MIAMI – The Miami Beach City Commission voted against the opening of a Cuban consulate until significant human rights reforms have been made in that country, local media reported Wednesday.
With four votes in favor and three against, the commission “has thrown cold water on their mayor’s hotly debated idea of a having a Cuban consulate in the city,” according to CBSMiami television.
The hearing and recent vote came after a series of talks between Cuban authorities and Miami Beach officials including Mayor Philip Levine, during which the latter expressed his wish to welcome a Cuban consulate.
Last Monday, Cuban residents of Miami Beach expressed their anger during a public hearing at City Hall about the possible establishment of a Cuban consulate in that city.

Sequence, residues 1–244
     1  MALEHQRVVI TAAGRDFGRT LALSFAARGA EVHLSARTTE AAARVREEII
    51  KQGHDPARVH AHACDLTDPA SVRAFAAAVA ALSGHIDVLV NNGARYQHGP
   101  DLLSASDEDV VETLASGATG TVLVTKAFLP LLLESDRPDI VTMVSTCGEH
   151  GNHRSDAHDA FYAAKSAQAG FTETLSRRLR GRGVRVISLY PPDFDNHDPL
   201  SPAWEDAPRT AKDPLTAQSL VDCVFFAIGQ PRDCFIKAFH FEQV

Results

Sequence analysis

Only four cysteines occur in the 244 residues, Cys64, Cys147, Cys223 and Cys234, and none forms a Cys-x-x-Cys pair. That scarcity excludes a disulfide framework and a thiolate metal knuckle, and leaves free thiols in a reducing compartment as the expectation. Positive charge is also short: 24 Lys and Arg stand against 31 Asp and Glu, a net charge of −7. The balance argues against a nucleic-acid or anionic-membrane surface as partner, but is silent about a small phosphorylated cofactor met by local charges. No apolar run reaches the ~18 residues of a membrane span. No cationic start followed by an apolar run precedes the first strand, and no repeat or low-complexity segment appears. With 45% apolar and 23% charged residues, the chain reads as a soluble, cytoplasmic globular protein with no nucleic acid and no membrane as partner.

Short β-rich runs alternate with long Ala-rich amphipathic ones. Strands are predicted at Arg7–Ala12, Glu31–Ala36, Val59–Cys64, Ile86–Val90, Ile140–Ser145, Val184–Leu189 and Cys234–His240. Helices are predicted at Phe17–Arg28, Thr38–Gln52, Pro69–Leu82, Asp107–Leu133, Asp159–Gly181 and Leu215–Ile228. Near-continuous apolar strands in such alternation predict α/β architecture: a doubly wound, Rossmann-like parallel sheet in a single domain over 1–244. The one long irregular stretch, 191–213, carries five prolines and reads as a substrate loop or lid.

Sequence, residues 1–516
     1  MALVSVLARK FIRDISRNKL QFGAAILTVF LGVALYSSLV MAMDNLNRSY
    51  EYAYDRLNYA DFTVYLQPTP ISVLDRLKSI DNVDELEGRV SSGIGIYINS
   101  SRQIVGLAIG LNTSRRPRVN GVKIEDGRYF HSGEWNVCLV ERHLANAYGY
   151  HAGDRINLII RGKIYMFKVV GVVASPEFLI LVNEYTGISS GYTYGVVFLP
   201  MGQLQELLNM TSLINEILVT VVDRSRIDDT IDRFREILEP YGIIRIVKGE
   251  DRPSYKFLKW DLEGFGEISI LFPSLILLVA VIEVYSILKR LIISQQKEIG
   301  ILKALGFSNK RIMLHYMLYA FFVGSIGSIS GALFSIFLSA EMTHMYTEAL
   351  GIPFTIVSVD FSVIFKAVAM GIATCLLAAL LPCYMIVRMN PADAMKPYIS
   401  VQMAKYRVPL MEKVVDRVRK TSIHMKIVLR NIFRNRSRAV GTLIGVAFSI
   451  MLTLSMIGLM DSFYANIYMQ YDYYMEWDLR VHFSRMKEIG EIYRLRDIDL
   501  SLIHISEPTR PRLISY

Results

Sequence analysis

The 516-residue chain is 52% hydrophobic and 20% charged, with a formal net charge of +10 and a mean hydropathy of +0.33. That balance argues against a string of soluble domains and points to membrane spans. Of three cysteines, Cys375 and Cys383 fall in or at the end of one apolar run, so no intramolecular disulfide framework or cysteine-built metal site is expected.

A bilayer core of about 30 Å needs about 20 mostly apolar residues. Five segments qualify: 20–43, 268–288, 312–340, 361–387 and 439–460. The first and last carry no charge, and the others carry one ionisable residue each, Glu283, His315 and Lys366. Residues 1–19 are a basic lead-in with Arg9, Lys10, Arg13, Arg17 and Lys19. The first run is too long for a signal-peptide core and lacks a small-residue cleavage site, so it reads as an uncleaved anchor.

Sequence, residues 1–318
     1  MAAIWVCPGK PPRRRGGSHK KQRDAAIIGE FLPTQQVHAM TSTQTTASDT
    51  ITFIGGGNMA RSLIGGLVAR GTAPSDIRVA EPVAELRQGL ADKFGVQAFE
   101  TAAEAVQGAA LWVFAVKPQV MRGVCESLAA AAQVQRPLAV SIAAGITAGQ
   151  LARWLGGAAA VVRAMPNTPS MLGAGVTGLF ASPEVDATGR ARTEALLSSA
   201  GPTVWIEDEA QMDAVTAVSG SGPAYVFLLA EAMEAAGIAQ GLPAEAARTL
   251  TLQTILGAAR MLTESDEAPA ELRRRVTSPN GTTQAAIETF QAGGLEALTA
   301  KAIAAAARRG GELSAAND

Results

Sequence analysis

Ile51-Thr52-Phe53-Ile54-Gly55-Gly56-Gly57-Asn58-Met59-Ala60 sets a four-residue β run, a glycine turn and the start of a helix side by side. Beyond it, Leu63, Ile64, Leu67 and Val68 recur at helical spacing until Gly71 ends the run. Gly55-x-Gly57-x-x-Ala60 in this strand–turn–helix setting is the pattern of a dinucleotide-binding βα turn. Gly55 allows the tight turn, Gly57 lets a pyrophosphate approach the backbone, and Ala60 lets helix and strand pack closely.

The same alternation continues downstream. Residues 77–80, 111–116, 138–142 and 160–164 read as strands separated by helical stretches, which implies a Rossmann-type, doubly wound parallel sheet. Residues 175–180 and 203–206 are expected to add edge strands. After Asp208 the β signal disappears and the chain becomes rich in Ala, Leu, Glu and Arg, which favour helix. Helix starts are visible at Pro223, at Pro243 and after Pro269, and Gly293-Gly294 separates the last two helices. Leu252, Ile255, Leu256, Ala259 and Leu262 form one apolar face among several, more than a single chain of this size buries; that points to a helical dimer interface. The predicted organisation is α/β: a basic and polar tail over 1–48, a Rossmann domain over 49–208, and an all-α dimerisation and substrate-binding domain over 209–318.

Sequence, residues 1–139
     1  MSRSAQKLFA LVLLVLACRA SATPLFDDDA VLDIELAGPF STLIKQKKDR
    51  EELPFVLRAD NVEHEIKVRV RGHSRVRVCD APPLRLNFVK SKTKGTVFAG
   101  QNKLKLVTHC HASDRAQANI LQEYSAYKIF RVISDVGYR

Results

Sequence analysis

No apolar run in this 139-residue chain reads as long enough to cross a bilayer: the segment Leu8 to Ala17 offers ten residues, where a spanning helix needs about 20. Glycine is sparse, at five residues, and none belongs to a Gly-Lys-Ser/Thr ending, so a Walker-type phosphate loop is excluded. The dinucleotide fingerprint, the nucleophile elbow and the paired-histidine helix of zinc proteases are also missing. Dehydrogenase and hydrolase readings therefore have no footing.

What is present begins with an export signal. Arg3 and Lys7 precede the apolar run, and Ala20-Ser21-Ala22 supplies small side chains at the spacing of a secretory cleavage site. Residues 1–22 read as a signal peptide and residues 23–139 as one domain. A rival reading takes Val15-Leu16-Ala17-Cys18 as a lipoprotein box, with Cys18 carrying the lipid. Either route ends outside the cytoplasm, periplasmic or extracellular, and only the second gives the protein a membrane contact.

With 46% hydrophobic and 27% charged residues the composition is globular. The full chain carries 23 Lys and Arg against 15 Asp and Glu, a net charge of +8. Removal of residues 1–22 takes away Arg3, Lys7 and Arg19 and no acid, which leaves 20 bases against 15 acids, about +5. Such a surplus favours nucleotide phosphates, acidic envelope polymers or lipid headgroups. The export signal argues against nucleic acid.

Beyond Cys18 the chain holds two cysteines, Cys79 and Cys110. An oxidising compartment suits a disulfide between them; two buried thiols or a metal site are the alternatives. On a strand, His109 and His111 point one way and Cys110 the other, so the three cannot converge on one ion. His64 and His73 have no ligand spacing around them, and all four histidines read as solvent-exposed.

Nonetheless, some Cubans spoke of the convenience of having a consulate nearby where they could carry out the necessary procedures for visiting their relatives in Cuba.
During the visit of U.S. President Barack Obama to Cuba last March, Levine, who also went to the island, held meetings with Cuban government officials, to whom he expressed his wish to welcome a consulate in Miami Beach, next to Miami.
Miami Mayor Tomas Regalado, however, said for his part that for “moral reasons” he rejects the eventual opening of a consulate of Cuba in Miami Beach, considering it “a provocation” for the “capital of the exile.”
The U.S. and Cuba renewed diplomatic relations in July 2015 with the reopening of their respective embassies in Havana and Washington.